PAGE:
ALTAMONTE SPRINGS, Fla. – At the age of 35, Todd Stewart was training for a half marathon when he started down a road that would lead to a long-held secret.
“I didn’t want it to be held against me in any way, so yeah I did try and keep it a secret as long as I could,” Stewart said.
He remembered back 10 years ago to the first signs something felt different. Stewart was a runner and had been training for a half marathon.
“I was kind of like, I don’t want to say freezing, but it was like things were kind of stiffening up,” Stewart said.
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A few months later he noticed a small tremor in his left hand. Initially, Stewart said, it just seemed like he had had too much caffeine or soda, but he decided to ask an orthopedic specialist to check out the tremor. With no results, Stewart decided to see a neurologist, and within minutes he had a diagnosis.
“It was the first time I met the doctor, and within two or three minutes, they were like, ‘So how long have you had Parkinson’s?’ I was like is this real? It felt very surreal,” Stewart said.
The neurologist told Stewart a visual analysis of his symptoms was enough to make a diagnosis, although they did extra follow-up testing to confirm Parkinson’s Disease. Stewart said before his diagnosis he knew very little about early onset Parkinson’s disease. Some of his symptoms were failed dexterity drills and failure to swing his arms as easily when he walked.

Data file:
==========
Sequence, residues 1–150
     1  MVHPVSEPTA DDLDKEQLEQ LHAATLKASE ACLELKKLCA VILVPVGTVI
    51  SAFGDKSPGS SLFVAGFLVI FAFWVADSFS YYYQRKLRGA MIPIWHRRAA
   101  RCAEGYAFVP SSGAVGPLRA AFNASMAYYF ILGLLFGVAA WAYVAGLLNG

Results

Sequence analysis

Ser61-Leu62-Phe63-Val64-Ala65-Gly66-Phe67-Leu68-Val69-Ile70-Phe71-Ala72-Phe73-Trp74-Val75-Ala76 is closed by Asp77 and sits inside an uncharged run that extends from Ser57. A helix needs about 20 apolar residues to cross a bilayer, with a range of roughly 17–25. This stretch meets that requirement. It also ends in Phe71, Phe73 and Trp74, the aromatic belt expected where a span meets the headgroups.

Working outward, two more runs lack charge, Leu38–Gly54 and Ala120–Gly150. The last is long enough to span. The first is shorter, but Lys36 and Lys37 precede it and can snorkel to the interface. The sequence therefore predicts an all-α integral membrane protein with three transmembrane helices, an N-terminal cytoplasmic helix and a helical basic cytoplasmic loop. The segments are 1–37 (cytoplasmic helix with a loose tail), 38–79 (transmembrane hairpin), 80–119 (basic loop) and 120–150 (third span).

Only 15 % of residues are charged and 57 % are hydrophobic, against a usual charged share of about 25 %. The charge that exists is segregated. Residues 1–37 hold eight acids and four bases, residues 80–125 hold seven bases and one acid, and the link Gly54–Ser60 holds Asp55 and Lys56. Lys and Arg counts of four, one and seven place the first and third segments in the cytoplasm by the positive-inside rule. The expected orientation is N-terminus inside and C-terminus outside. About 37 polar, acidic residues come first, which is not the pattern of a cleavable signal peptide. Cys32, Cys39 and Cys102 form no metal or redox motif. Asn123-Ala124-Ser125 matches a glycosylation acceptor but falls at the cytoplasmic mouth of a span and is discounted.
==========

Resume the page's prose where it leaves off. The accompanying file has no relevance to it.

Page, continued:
It took more than five years for Stewart to share his diagnosis with most people. Stewart realized after learning about the disease, he needed a movement disorder specialist and couldn’t find one close to home.
“I mean the only thing I knew at that time was Michael J. Fox had it,” Stewart said.
“I ended up taking my care to Gainesville, they’ve got a great neurology center up there, but now we have four or five movement disorder specialists in Central Florida, AdventHealth’s opening a big neuroscience center.”
According to representatives with AdventHealth, the largest independent spine and brain health group in Florida will expand treatments in 2022 for spinal disease, stroke, brain tumors, Parkinson’s Disease, cerebral aneurysm and more.
Craig Brubaker, vice president of AdventHealth’s Neuroscience Institute, said the new Innovation Tower is set to open mid to late 2022.
“General neurologists have always been in Central Florida and they can treat 95% of all specialty issues, but the 5% that really need that care, and there’s a lot believe it or not, they were getting in cars and driving an hour and 45 minutes,” Brubaker said.
The disease affects about 20,000 people in Orange, Seminole, Lake and Osceola counties, according to the Parkinson Association of Central Florida. Young-onset Parkinson’s disease, like in Stewart’s case, affects 10-20% of people who are diagnosed with the disease.
Now as the president of PACF, Stewart has planned the 2022 Walk for Parkinson, after support groups were nearly disbanded during the COVID-19 pandemic. Stewart said he is worried canceled events left people isolated and searching for resources.
“This is our 8th annual walk, but I think it’s our most important walk just because it’s been three years since we gathered as a Parkinson’s community,” Stewart said.
The Walk for Parkinson event will be held Saturday, April 2, starting at 8 a.m. To learn more, click here.